Thursday, June 10, 2010

Why Incentive and Penalty Programs to Encourage Health are a Bad Idea

Over at Budgets are Sexy, J. Money brought up the subject of Employer and/or health insurance incentive/penalty programs. It really got me fired up! My comment got so long, I decided to bring the discussion over here.

The problem comes up with who decides what’s healthy and how to incentivize “healthy” behaviors. When you bring up something like smoking, it’s seems easy and kind of clear cut. Smoking is indeed 100% a choice. It’s good to not smoke. However, something like obesity is much more nuanced. How are we going to police that and do we really want to?

Being overweight is not a behavior, it’s a descriptor or you could say, a symptom. Same with high blood pressure, etc. Things like the kind of food you eat and exercise you do are behaviors. As an aside, we all know thin people who can eat “whatever” they want and never seem to gain weight (maybe like my friend J. Money?) We also know fat people who have dieted their whole lives who nonetheless, remain fat (me). Somehow, the former “makes sense” and we can assimilate that info but the latter somehow means that the person must be lying about their habits or “not trying hard enough”. And on the flipside, what about all the people training for marathons well into middle age and “draining” the health system with all their joint replacements and doctors visits? Somehow, pushing your body to the max is OK and dealing with all the injuries is a small price to pay for so-called “good” health. Not to really knock marathoners – I’ve completed 2 myself – shocking for a fat girl, but true. Was I being irresponsible to risk such an endeavor at my weight? Did anyone suggest that I might be a burden on the medical system? No, I got congratulated for my efforts. I’m making a point that it’s all about CHOICE – and who gets to decide which ones are good and bad. We do not want third parties deciding this stuff for us because in the end, it’s more about moral judgments than budgets and certainly more than actual real concern about health.

In any case, if we can agree that determining health can’t be as simple as looking at someone’s weight or BMI (which I hope we can!) do you really want to be turning in food diaries and tally sheets of your exercise to your employer or insurance company? As an individual, do you really want to give over that much info and control so that you can get a fair price for medical coverage? Should we really be penalizing those that need the most help? An example of a corporate wellness program I’m aware of is one rolled out by Whole Foods where they give an extra discount to employees who meet certain criteria (BMI, blood pressure, and cholesterol must be in the “normal” range) and are willing to share it with the company. Sounds great, right? But when you think about it, why wouldn’t you want to impede access to healthy food to the employees who are overweight, etc? Aren’t they the ones who (supposedly) need it the most? Who’s to say they won’t use that info to quietly weed out these “undesirable” employees?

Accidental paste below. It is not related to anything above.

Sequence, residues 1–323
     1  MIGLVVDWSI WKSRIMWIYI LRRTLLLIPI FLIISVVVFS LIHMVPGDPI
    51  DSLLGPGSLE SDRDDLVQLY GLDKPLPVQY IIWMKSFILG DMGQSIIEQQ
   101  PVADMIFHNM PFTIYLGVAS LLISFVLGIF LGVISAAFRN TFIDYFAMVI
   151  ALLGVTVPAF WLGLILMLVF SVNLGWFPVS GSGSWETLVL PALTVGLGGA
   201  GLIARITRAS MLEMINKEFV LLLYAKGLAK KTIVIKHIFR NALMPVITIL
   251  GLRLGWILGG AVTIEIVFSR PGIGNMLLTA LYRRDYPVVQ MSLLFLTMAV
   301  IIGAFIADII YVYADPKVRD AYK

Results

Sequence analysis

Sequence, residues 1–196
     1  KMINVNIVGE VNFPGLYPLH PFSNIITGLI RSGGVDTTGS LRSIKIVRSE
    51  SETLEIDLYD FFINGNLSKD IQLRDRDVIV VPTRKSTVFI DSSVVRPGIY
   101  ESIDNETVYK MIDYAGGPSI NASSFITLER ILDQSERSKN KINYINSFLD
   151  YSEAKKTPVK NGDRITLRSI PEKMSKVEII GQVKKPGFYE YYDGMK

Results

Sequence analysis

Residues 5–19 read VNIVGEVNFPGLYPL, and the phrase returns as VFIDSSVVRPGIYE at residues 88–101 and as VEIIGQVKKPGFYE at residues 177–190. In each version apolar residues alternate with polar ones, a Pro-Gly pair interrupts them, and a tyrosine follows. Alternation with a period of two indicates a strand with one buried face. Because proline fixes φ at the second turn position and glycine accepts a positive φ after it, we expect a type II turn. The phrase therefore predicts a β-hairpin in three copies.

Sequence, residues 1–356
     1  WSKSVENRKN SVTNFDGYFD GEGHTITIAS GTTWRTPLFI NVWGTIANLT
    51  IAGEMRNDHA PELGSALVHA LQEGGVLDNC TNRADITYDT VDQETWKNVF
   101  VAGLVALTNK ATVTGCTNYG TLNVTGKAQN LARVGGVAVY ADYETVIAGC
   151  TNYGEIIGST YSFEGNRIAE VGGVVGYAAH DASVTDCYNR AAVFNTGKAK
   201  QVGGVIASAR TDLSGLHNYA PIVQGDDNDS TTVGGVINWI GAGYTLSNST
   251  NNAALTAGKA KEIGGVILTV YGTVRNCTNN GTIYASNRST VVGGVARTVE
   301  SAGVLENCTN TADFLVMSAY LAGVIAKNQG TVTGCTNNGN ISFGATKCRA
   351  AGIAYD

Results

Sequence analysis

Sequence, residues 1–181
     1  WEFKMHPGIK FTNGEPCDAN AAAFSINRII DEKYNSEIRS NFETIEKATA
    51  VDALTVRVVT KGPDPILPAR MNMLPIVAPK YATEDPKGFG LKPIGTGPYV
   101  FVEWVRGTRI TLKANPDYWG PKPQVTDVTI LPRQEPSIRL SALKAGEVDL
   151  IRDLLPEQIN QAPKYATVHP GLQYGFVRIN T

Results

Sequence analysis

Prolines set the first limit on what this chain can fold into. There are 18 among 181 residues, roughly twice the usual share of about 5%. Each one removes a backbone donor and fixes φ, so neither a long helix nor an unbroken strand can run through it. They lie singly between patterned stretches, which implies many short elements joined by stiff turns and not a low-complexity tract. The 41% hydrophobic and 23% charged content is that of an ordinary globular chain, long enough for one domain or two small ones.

As always, the devil’s in the details and I don’t think anything good can come from these types of programs when they’re tied to incentives or penalties. How about our private lives remain our private lives? How about we funnel public resources into making sure every family in America has food to eat? Grocery stores nearby that carry fresh produce? Bike paths and parks to encourage exercise for fun and socializing (moving your body isn't a punishment, it's fun, remember)? Money to fund quality school lunches, physical education, and ball parks for ALL students? How about we take worrying about “obesity” out of it? Don’t we all deserve to have access to healthy food and activities? Isn’t it good for EVERY body? We do not need to stigmatize people to get us (as a whole) to collectively do a better job of providing healthy options.

From a personal perspective, I work for an organization that offers an array of healthy workforce initiatives – yoga, pilates, and Zumba classes, seated upper body massages, and two fitness facilities – all onsite at reduced cost (the gyms are free). I don’t have to prove to anyone that I’m making progress or give them ANY personal info to take advantage of these things. Do they make me enjoy working where I do? Do they add to my quality of life? You bet. Do I feel pressured to use them under threat of losing privileges? Nope. I think it’s a fallacy and insulting to suggest that people just don’t know what’s good for them and we need to give out gold stars and detentions to get it into their heads. Taking good care of yourself takes time and it takes money. Providing that as a society to people will do far more to improve our overall health as opposed to creating invasive programs to police our personal lives.

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